Chemotherapy for Bone Cancer

Chemotherapy (chemo) is the use of drugs to treat cancer. Chemo is systemic treatment. This means that the drugs go into the bloodstream and circulate to reach and destroy cancer cells all over the body.

Chemo is often a part of treatment for Ewing sarcoma and osteosarcoma.

It isn’t used often for other bone cancers, like giant cell tumors, chordomas, and chondrosarcomas. These types aren’t very sensitive to chemo, so it doesn’t work well. It can be useful for a certain type of chondrosarcoma called mesenchymal and high-grade dedifferentiated chordomas. It may be used along with targeted therapy for some giant cell tumors.

Chemo is sometimes used for bone cancer that has spread through the bloodstream to the lungs and/or other organs.

Commonly used chemo drugs

The drugs mainly used to treat bone cancer include:

  • Doxorubicin (Adriamycin®)
  • Cisplatin
  • Etoposide (VP-16)
  • Ifosfamide (Ifex®)
  • Cyclophosphamide (Cytoxan®)
  • Methotrexate
  • Vincristine (Oncovin®)

In most cases, several drugs (2 or 3) are given together.

Side effects of chemotherapy

Chemo kills cancer cells, but it also damages some normal cells. You will be closely watched during treatment and your team will try to prevent or limit side effects. The side effects of chemo depend on the type of drugs, the doses used, and the length of time they're taken.

Some common short-term side effects include:

  • Nausea and vomiting
  • Loss of appetite
  • Hair loss
  • Mouth sores

It's important to tell your cancer care team about any side effects you have so they can be treated.

Chemotherapy can damage the blood-producing cells in the bone marrow, so you may have low blood cell counts. Low blood cell counts can result in:

  • Increased chance of infection (too few white blood cells)
  • Easy bleeding or bruising after minor cuts or injuries (too few platelets)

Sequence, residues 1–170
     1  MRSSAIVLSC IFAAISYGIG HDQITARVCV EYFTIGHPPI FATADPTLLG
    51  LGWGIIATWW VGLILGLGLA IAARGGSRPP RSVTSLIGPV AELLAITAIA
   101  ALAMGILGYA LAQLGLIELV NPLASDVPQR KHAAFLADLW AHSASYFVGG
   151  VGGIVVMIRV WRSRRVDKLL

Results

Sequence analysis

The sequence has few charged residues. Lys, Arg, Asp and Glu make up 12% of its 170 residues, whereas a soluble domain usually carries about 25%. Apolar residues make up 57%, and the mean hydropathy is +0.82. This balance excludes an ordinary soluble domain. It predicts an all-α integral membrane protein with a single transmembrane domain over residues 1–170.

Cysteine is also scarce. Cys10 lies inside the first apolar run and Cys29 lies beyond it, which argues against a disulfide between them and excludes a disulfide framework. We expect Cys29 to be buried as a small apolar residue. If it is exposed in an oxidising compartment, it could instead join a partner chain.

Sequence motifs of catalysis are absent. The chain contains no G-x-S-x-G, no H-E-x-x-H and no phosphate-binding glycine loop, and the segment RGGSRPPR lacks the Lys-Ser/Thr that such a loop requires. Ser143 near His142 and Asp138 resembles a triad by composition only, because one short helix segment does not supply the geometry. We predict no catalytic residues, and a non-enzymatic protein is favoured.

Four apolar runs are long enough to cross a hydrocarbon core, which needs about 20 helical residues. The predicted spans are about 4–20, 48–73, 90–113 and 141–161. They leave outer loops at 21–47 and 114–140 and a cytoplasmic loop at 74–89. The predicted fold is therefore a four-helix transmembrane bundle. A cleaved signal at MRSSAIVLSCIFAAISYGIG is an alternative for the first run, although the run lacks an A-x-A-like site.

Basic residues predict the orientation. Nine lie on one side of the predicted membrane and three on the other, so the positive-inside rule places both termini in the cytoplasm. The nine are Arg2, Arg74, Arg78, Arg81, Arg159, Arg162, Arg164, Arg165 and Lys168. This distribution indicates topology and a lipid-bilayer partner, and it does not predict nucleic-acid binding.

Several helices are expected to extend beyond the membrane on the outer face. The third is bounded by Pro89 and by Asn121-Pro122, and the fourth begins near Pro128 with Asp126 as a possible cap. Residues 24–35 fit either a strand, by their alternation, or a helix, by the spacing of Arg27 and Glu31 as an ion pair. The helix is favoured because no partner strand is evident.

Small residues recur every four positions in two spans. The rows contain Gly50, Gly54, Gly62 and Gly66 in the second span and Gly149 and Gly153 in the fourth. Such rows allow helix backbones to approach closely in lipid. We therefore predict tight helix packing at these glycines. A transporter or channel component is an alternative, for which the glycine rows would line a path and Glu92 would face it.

• Fatigue or shortness of breath (too few red blood cells)

While you're getting chemo, your doctor will order lab tests to be sure your blood cell counts are at safe levels.

Some side effects are linked to certain drugs. For example:

  • Ifosfamide and cyclophosphamide can damage the lining of the bladder and cause bloody urine. This is called hemorrhagic cystitis. It can be prevented by giving a drug called mesna along with the chemo.
  • Cisplatin may cause nerve damage (called peripheral neuropathy) leading to problems with numbness, tingling, and even pain in the hands and feet. Kidney damage (called nephropathy) can also occur after treatment with cisplatin. Giving lots of fluid before and after the drug is infused can help prevent this. Cisplatin can sometimes cause problems with hearing (known as ototoxicity). Most often patients with this problem notice they have trouble hearing high-pitched sounds. Your doctor may have you get a hearing test (called an audiogram) before giving cisplatin.
  • Over time, doxorubicin can damage the heart. The risk of this goes up as the total amount of the drug given goes up. Before giving doxorubicin, your doctor may test your heart function to make sure that it's safe to give you this drug.

It’s important to note that many of the serious side effects are rare, but they can happen. Talk with your cancer care team so you know what to expect from the chemo you're getting.

The doctors and nurses will watch closely for side effects. There are treatments for most side effects, but preventing them is important. Most side effects, if not all of them, will go away over time after treatment is over. Do not hesitate to ask your cancer care team any questions about side effects.

More information about chemotherapy

For more general information about how chemotherapy is used to treat cancer, see Chemotherapy.

To learn about some of the side effects listed here and how to manage them, see Managing Cancer-related Side Effects.

The American Cancer Society medical and editorial content team

Our team is made up of doctors and oncology certified nurses with deep knowledge of cancer care as well as journalists, editors, and translators with extensive experience in medical writing.

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Last Revised: February 5, 2018